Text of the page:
This exercise is not just about the descent; it’s about the rise, the push against gravity that mimics the climb of a hike. It’s a dance of strength and control, one that ensures when the trail throws a challenge your way, your legs are ready to answer the call.

Source: Workout Labs

4. Calf Raises for Endurance

Your calves, the unsung heroes of every hike, deserve their moment in the spotlight. Calf raises are a simple yet potent exercise, one that primes these muscles for the relentless undulations of the trail. As you slowly raise onto the balls of your feet, you’re not just sculpting muscle; you’re building the endurance that will keep you moving long after others have stopped to rest.

Feel the strength in your calves as they lift your body, a testament to their readiness for the uphill battles and downhill dances that define a hike. With calf raises, you fortify your foundation, ensuring that each step is as strong as the last, no matter how many miles lie ahead.

Source: Workout Labs

5. Lunges for Balance

Balance is the harmony of hiking, and lunges are its melody. With every forward step and controlled descent of the knee, you’re composing a tune of strength and stability that echoes through your leg muscles. As you align your torso, keeping it as proud and upright as the pines around you, you’re not just preparing for the trail; you’re mastering it.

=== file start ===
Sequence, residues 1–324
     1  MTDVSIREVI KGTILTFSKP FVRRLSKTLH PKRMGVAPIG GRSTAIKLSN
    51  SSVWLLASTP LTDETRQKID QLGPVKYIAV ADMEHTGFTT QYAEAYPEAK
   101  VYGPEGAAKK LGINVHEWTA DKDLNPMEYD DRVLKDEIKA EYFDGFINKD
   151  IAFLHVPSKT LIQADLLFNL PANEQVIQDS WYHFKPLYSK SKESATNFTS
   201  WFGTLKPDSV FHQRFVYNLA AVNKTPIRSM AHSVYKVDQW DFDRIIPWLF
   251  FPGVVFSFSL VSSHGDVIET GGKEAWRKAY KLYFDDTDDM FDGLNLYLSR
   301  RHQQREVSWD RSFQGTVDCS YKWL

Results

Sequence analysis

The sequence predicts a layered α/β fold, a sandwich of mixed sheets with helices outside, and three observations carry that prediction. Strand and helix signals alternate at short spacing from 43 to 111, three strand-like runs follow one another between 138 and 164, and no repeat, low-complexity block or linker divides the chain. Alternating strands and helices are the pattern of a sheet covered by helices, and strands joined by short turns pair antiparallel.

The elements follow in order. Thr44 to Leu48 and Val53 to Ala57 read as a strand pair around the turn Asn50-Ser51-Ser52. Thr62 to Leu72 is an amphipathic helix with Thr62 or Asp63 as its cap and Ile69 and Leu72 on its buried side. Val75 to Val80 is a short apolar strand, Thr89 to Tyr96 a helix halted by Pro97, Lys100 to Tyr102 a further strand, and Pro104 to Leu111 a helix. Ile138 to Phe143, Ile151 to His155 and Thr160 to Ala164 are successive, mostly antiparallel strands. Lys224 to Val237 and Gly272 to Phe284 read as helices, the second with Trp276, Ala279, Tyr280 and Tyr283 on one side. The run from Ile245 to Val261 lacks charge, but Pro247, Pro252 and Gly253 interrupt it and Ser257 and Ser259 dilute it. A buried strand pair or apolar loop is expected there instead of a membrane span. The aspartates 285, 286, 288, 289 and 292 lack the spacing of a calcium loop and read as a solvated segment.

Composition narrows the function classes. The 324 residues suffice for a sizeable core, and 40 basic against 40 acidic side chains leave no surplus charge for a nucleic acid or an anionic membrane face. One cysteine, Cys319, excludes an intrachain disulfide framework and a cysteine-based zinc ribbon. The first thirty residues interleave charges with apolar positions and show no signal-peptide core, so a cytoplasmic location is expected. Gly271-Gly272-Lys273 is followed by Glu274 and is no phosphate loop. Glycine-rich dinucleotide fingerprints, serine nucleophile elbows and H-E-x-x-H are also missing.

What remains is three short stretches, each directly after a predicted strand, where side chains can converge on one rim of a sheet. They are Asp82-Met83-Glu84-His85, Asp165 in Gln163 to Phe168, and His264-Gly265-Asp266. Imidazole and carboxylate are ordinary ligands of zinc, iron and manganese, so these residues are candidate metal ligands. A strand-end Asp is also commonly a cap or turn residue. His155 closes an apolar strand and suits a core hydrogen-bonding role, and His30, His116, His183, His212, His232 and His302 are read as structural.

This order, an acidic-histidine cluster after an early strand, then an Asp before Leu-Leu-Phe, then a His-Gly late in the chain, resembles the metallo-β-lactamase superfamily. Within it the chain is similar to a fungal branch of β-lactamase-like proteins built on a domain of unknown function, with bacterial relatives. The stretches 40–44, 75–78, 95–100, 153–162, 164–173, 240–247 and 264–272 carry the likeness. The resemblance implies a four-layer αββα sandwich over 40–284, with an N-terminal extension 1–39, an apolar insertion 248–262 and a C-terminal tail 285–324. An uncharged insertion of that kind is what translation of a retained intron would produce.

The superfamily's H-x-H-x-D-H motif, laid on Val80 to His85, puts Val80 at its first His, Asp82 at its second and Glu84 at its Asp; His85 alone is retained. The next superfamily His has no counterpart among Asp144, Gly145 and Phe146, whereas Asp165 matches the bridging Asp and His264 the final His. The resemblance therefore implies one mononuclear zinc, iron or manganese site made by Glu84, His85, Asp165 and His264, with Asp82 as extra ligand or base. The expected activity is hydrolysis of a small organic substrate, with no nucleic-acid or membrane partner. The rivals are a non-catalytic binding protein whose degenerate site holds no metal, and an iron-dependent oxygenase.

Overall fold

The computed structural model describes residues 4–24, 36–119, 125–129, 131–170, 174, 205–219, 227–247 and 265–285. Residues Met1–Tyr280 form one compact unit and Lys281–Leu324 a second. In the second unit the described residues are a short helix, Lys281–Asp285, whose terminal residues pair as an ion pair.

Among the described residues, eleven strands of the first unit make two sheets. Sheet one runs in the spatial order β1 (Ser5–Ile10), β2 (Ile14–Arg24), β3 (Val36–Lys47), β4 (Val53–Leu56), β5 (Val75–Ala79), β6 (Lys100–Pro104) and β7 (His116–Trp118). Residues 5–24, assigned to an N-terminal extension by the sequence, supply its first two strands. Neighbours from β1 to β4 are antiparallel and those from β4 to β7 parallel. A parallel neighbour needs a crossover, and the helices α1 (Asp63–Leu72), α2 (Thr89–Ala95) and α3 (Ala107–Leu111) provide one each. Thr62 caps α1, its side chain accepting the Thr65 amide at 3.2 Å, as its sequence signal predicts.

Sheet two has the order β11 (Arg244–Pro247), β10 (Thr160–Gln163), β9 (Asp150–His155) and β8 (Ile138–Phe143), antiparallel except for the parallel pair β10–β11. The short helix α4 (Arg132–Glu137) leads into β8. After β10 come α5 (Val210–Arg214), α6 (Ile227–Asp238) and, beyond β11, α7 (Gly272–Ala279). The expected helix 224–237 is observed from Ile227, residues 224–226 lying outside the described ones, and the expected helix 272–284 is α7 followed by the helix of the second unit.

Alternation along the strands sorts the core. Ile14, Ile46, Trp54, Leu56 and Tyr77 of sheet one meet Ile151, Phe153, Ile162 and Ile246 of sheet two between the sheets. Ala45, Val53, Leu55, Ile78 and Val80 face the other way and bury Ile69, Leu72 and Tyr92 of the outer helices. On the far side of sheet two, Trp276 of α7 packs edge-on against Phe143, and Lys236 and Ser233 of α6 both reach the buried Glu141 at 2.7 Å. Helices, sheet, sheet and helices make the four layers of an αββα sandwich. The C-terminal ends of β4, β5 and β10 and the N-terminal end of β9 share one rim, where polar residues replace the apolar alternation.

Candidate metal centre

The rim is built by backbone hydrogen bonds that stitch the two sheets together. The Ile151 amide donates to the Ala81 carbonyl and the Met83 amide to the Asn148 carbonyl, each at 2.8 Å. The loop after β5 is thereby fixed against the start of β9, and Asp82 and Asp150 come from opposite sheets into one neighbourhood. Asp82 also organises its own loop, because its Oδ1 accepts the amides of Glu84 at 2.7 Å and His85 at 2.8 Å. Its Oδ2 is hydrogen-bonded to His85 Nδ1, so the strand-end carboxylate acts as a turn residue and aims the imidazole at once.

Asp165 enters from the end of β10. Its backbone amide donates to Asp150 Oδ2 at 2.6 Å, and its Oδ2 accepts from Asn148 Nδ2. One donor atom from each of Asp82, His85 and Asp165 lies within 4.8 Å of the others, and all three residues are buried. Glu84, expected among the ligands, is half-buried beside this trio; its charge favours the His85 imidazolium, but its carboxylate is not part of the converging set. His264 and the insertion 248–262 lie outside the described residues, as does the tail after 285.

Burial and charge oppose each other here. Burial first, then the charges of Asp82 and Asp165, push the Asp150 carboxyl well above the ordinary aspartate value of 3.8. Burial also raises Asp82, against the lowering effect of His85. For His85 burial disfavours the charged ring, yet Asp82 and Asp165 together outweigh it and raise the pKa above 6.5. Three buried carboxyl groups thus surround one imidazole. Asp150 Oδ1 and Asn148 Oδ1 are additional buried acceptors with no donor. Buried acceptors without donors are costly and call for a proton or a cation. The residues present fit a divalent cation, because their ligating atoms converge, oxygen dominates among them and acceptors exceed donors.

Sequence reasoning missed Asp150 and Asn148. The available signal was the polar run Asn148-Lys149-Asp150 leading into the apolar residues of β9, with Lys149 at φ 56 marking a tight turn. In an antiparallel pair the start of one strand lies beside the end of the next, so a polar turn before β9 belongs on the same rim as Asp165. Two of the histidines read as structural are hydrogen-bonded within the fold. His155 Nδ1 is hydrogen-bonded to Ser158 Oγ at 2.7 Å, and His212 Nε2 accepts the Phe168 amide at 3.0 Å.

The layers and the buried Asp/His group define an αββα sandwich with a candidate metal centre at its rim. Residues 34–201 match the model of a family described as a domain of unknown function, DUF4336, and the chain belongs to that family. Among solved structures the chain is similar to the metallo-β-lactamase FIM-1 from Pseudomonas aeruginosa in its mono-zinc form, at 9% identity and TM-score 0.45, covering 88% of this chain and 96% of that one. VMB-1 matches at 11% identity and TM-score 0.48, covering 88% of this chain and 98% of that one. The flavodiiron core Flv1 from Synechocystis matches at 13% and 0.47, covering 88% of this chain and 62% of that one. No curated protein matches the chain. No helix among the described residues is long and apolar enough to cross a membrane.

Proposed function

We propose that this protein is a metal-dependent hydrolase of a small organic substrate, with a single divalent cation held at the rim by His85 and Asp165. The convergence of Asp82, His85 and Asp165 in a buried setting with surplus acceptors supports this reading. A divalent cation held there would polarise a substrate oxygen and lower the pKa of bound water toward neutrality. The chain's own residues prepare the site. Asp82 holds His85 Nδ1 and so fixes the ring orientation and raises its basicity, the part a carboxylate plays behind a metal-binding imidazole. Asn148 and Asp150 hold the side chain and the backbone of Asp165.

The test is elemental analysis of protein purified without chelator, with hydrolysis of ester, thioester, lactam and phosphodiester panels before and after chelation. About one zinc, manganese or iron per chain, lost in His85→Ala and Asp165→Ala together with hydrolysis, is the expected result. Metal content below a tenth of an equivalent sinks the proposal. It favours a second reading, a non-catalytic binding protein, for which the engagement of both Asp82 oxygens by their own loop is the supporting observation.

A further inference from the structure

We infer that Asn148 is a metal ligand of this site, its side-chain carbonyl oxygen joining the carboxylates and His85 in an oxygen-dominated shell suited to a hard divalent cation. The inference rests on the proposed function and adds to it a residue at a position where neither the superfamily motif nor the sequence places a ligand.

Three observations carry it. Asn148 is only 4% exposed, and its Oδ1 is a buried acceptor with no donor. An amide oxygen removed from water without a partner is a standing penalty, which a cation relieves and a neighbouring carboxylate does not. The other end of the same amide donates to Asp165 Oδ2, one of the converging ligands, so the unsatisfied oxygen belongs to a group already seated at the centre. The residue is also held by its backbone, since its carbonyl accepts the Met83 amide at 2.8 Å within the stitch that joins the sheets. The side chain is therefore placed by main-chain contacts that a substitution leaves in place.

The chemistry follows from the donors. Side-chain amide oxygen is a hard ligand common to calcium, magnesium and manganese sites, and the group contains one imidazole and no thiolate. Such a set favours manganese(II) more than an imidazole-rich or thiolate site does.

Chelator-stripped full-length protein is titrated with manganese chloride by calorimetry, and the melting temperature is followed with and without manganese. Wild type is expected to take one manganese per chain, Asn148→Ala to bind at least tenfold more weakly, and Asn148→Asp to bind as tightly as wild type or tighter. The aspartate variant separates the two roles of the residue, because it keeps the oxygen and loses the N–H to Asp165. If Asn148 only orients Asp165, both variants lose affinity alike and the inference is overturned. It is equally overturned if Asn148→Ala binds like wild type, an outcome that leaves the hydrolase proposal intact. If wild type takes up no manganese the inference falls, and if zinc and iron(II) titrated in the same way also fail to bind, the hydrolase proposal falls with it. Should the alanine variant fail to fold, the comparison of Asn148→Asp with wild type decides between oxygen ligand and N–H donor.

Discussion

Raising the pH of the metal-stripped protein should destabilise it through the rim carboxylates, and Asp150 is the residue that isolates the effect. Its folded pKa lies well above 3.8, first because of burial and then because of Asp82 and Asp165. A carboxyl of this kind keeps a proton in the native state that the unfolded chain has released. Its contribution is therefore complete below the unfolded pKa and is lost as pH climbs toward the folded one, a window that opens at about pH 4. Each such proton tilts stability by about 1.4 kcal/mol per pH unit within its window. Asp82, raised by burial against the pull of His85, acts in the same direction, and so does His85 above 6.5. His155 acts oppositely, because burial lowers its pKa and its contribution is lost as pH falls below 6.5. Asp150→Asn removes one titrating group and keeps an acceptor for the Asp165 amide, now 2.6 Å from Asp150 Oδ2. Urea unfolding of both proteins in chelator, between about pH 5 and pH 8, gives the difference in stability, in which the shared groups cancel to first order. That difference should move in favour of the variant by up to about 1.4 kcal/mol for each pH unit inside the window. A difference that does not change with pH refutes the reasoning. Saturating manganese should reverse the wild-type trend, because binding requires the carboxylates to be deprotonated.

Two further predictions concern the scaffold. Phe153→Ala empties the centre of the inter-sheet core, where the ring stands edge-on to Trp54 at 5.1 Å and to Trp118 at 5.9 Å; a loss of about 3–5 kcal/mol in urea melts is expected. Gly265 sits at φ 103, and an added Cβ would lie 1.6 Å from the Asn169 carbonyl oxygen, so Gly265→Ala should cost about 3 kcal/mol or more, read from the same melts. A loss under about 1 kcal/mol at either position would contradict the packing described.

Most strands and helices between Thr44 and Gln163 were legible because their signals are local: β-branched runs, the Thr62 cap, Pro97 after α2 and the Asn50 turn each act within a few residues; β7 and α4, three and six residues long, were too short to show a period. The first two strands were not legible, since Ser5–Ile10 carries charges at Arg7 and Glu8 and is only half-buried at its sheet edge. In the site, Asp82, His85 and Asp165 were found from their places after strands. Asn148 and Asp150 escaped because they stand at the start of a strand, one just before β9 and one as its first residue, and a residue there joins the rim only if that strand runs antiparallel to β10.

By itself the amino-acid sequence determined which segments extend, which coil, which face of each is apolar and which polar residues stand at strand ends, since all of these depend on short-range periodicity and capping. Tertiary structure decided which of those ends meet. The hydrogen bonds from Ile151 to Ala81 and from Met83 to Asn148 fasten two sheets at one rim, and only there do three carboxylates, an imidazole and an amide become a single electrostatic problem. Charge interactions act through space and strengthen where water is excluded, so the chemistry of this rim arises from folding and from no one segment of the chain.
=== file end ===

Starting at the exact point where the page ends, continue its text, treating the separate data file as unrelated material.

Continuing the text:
In the alternating rhythm of lunges, you find the cadence of the hike – a balance between motion and stability, ensuring every step on uneven terrain is as confident as if it were on solid ground.

Photo by Guduru Ajay bhargav:

Bonus: Core Conditioning for Carrying Loads

The core, a key pillar of your hiking performance, should not be underestimated. When the weight of your pack bears down, it’s the strength of your core muscles that will dictate the ease of your journey. With exercises like planks and dead bugs, we condition not just for the trail but for the load we choose to carry along it.

Engage in core conditioning and you’ll find your stability on the trail is as unshakeable as your determination to reach the peak. These exercises not only fortify your abdomen but also prepare your lower back and buttocks for the demands of a day spent traversing nature’s vastness.

Some core conditioning exercises to try include:

  • Planks

  • Russian twists

  • Bicycle crunches

  • Mountain climbers

  • Dead bugs

Incorporating these exercises into your fitness routine will help improve your balance, strength, and endurance on the trail.

Plank Variations

Begin with the humble plank, a foundation of core strength that’s as versatile as it is effective. From forearms to palms, each plank variation engages more muscles, challenging your body to become a monolith of stability. Introduce movements like transitions and side planks, and you’ll not just be strengthening your core but your entire body, ready for the rigors of the trail.

As you hold your body in a rigid line, from head to heels, you’re embodying the resilience required to carry your pack across miles of terrain. The side plank, with its leg raise, is a nod to the obliques, those muscles that will support you as you twist and turn along the path.

Dead Bugs for Core Coordination